Fifteen years ago, we were warned to prepare for the next Ice Age. Today, we worry about our ever‐shrinking ozone layer and the looming threat of global warming. Ever since the atomic bomb, the public and policymakers have been barraged by predictions of imminent environmental doom — none of which came true, and, Ronald Baily asserts, none of which probably ever will come true.
In this timely, hard hitting book, Bailey explores and explodes the popular myths of global disaster, from “nuclear winter” to the depletion of nonrenewable resources. Who are the “prophets of doom” whose apocalyptic visions keep their lecture calendars full and their audiences in constant anticipation of the world’s end? What effect are they having on the economic and environmentalpolicies that will shape our planet’s future?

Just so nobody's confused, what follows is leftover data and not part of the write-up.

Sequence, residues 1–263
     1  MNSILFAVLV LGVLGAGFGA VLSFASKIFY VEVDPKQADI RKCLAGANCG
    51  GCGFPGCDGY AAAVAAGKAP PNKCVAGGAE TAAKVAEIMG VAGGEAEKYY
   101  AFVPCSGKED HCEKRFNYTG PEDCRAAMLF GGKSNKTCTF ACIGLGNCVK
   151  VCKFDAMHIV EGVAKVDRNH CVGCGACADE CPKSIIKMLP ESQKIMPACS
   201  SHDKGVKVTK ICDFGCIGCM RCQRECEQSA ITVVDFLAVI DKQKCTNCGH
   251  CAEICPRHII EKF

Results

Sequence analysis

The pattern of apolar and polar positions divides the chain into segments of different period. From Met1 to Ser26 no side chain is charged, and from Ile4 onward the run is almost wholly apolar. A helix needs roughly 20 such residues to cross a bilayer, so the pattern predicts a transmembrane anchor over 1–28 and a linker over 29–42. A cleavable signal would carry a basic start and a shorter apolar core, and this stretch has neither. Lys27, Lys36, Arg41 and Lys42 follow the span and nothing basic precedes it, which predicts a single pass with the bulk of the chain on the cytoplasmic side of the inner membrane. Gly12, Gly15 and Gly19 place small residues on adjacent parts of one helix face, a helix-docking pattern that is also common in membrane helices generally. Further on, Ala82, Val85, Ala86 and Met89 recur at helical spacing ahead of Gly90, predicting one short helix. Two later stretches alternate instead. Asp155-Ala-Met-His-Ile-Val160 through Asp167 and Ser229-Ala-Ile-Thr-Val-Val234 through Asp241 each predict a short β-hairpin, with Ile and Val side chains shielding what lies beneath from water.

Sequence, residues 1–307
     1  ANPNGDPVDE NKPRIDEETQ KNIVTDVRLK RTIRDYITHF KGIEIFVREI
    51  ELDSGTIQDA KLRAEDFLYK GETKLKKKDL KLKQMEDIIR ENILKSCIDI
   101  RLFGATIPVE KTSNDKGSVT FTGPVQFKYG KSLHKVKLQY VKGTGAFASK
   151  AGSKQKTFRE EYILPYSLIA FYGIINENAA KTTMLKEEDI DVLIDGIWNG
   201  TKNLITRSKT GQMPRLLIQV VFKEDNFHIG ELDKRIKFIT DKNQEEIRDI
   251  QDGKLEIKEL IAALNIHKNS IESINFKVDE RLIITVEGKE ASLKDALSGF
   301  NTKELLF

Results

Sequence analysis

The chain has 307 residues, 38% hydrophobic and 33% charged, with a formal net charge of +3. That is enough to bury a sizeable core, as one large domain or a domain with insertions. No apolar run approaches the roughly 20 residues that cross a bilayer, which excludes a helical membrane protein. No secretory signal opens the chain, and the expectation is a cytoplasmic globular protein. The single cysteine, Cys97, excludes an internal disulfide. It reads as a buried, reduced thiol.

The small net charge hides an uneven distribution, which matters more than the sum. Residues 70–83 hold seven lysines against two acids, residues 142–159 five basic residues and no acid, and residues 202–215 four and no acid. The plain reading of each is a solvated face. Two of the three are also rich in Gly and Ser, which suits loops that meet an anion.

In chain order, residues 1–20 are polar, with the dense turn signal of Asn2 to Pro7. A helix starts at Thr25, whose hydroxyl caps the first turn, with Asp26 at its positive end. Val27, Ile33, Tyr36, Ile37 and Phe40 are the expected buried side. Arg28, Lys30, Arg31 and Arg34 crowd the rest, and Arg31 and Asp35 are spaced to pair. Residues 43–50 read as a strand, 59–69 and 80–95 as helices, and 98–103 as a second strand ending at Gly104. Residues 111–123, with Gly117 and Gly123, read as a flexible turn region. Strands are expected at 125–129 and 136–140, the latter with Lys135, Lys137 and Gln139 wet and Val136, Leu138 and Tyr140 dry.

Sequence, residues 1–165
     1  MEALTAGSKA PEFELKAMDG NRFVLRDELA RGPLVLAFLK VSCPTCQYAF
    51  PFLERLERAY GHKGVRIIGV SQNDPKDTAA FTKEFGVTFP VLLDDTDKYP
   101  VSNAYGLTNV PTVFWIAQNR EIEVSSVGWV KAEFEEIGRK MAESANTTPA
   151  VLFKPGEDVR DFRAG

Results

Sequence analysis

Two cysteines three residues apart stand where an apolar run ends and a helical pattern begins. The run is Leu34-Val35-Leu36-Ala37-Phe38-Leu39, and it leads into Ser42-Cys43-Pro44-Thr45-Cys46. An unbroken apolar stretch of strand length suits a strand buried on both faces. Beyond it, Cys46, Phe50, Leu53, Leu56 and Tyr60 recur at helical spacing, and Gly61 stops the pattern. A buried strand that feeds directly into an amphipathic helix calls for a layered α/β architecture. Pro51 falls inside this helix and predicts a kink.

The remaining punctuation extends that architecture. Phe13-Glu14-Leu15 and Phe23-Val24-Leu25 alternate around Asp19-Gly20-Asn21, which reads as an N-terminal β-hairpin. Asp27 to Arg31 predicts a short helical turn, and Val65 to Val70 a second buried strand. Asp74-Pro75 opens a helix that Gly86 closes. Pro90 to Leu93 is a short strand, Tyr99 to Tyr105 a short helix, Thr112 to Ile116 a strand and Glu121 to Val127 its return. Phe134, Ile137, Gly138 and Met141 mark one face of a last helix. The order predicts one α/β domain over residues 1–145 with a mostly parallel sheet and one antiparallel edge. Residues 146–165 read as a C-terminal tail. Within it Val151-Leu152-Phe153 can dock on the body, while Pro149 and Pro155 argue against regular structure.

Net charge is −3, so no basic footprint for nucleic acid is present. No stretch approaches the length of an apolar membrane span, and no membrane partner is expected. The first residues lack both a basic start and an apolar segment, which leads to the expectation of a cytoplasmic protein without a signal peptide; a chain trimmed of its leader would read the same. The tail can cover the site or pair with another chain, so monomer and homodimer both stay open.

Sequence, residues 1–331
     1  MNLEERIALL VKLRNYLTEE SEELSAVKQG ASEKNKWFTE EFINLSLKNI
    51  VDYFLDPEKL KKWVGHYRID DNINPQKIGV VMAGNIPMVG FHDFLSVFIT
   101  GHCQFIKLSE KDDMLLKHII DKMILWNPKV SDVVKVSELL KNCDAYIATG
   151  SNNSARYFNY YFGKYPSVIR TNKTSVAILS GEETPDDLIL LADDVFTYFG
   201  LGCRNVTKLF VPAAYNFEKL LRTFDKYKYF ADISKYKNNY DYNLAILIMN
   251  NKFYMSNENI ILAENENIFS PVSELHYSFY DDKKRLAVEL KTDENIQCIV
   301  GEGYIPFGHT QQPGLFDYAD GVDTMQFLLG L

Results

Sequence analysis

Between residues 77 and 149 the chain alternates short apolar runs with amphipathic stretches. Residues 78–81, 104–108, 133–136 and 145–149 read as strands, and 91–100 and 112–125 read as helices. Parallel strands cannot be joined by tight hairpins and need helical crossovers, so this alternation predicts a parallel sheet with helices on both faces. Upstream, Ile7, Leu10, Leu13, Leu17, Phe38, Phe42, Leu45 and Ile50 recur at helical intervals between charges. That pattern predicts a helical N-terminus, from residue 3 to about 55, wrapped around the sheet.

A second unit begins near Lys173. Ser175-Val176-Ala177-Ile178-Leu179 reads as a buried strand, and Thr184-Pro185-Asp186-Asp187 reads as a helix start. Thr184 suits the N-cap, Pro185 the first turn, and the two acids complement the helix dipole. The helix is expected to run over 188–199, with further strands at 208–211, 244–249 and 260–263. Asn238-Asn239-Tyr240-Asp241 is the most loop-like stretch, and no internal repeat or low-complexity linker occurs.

Bailey, a PBS producer and former Forbes science writer offers clear and compelling arguments to debunk the popular grim prophecies. In the process, he questions the wisdom of such established environmental gurus as Carl Sagan, Jeremy Rifkin, Paul Ehrlich, and Barry Commoner: Are they activists or alarmists?
A Cato Institute book, published by St. Martin’s Press.